You may think that once a hire has been made, the hardest part of the process is over. Onboarding new employees is perhaps just as important, and often just as tough.
The onboarding process sets the stage for the rest of the employee’s time with you, so it’s crucial to get it right.
Liberty Staffing Services would like to provide you with six tips to help you successfully onboard every new hire you make.
1. Start Before Day 1
Most HR managers believe onboarding starts when the new hire arrives at the workplace for the first time. While Day 1 is important, the onboarding process begins much earlier.
Onboarding employees begins when you make an offer of employment to them. From there, the job candidate will negotiate with you. Clear and swift communication sets expectations and the tone for your interactions. It also begins building the basis of the rules of etiquette in your workplace.
2. Involve All Stakeholders
You probably know the people you want to introduce your new employee to. You should think carefully about the stakeholders involved in the hiring process. There’s often more than you think.
You’ll likely introduce the new hire to many key players in the company, as well as their supervisors, managers, and team members. Don’t forget about other informal stakeholders, especially if there’s a hierarchy in the business. Who are the decision makers? Whose approval do you need to get things done?
There might be other non-managerial employees that the new hire will work with on a regular basis. Introducing everyone right off the bat can keep everyone in the loop and help new employees settle in sooner.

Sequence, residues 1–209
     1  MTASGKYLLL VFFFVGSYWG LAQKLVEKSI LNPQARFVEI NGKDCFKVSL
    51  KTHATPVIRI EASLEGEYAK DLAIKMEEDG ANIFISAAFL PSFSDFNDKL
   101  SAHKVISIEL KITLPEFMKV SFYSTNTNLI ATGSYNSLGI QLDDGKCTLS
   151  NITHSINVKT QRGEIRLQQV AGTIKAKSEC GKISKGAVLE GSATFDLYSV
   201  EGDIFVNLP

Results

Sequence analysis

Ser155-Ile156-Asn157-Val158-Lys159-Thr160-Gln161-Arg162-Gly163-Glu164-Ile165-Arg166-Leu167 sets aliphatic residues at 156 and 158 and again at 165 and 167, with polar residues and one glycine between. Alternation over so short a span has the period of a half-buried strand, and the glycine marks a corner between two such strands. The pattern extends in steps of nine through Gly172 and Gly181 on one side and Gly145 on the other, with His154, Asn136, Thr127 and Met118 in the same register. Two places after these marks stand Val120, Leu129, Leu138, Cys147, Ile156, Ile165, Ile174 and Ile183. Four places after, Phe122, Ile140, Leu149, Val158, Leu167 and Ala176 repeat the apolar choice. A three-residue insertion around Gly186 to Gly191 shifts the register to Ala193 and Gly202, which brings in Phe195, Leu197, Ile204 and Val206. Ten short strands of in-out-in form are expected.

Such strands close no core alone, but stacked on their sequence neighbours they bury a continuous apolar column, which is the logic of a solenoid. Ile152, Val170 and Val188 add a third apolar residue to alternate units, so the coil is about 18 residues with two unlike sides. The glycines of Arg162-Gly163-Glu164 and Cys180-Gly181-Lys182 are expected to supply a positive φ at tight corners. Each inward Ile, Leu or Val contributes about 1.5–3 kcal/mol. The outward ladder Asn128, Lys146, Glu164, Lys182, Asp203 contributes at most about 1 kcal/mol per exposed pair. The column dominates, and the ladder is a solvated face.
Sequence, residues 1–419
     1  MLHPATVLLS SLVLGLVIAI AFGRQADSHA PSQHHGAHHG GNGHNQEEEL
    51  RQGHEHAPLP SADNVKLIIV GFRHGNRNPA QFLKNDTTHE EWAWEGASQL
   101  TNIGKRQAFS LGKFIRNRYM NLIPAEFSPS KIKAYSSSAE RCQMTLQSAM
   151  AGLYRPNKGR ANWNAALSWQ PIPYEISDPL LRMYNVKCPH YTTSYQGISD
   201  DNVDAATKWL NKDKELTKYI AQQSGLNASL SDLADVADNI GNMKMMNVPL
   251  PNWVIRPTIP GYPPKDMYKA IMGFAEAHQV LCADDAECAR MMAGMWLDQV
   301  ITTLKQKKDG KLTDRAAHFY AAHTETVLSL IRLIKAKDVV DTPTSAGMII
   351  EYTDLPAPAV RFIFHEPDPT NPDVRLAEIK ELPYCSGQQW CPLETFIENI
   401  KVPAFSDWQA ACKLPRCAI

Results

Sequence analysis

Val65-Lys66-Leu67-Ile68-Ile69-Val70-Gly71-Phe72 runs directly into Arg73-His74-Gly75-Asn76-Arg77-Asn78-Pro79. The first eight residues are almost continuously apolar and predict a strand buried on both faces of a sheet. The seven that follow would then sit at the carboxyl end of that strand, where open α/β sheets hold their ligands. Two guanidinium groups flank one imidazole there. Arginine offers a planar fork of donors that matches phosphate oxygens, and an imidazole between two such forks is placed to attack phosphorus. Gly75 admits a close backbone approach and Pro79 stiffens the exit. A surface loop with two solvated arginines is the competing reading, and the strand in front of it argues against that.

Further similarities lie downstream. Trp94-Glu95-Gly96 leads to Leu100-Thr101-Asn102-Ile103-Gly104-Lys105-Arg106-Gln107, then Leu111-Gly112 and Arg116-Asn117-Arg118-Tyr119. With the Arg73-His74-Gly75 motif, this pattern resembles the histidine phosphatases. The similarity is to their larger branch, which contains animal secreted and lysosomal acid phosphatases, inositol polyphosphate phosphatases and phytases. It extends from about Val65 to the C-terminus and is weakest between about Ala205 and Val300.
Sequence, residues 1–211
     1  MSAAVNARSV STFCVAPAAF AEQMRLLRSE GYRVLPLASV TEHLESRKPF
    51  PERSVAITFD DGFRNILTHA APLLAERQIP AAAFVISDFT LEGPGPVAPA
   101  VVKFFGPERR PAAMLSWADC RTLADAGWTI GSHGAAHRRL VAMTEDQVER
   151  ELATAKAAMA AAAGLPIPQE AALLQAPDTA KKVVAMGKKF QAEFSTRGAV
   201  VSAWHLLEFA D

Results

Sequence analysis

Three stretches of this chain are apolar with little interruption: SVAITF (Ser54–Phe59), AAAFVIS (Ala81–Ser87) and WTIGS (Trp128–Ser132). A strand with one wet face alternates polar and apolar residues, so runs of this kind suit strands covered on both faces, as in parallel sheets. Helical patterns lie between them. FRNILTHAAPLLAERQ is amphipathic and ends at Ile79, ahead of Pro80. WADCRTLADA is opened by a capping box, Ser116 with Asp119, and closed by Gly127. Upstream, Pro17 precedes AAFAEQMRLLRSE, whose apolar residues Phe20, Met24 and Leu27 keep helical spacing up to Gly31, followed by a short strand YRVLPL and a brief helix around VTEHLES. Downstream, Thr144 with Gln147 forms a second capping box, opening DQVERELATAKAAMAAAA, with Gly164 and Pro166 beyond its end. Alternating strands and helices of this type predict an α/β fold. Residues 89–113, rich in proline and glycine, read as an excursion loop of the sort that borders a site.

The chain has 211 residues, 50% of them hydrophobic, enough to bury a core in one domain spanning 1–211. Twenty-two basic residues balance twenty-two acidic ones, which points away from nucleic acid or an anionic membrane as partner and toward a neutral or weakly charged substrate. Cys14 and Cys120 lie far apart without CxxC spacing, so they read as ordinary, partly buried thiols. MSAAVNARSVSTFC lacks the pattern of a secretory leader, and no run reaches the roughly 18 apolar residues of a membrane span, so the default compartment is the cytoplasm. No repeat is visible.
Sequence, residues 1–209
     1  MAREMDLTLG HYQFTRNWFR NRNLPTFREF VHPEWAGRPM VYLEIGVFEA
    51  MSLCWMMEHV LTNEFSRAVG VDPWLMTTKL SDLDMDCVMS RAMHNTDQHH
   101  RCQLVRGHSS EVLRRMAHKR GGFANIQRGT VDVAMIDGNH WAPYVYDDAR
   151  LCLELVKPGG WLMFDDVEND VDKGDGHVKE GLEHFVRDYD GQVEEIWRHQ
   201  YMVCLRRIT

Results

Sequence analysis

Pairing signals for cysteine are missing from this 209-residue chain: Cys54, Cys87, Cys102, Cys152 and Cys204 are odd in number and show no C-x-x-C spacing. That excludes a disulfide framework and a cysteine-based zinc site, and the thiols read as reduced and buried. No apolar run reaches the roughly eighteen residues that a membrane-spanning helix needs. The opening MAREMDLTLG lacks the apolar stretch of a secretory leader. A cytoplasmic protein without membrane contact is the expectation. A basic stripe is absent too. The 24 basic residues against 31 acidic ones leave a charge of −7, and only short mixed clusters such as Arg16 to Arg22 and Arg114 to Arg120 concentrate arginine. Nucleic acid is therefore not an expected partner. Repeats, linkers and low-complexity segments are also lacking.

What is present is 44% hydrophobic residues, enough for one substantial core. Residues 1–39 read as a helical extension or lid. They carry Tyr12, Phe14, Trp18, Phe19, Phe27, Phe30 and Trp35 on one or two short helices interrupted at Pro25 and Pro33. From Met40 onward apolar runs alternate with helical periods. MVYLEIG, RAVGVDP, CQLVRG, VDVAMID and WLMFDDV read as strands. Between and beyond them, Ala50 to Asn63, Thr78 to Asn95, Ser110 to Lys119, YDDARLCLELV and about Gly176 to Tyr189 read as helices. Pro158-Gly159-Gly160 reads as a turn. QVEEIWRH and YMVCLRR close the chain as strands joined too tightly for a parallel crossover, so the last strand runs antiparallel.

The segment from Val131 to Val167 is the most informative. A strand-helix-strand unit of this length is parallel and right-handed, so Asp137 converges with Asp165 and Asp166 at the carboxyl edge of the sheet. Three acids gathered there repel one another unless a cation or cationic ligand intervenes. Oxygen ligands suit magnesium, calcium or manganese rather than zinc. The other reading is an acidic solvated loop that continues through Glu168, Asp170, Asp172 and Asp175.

3. Do Some Storytelling
Perhaps you don’t consider spinning a yarn as part of the onboarding process, but “myths and legends” could give your new employees a crash-course in company culture.
This is a chance to tell the new employee what the company is all about, but it’s also a chance for you to nip any negative myths in the bud. Some of your employees no doubt like to tell tales, some of which can impact a new hire’s confidence and productivity. By taking control of the storytelling process, you can help the new hire feel more immersed and confident.
4. Automate Where You Can
While a great onboarding process is always going to be people-oriented, one of the most common reasons for poor onboarding process is a lack of time. You and the rest of your HR team are busy.
Get a helping hand by automating some of your onboarding tasks. Providing checklists, or welcome videos, can help you get your employee started on the right foot, without eating up inordinate amounts of your time.
5. Discuss Culture and Set Expectations
Remember how we said that communicating often with your new employee after a job offer helps set expectations? That’s part of the onboarding process.
During the onboarding process, you’ll want to lay out exactly what’s expected of the new employee. Setting expectations early prepares new hires for success. Being upfront about them means employees have no excuses if they don’t live up to expectations either.
Going over company culture is a key component of expectation setting. How quickly should you respond to emails? What’s considered appropriate behaviour towards other staff members? Company culture often speaks directly to these sorts of concerns, so be sure to spend some time elaborating it.
6. Prepare for Day 1
You should, if possible, take time to set up the new employee’s work station, and any software/equipment they’ll need. This will let them be able to start work sooner.
You should also be prepared to set an agenda for their first day, including one-on-one meetings, or a team lunch.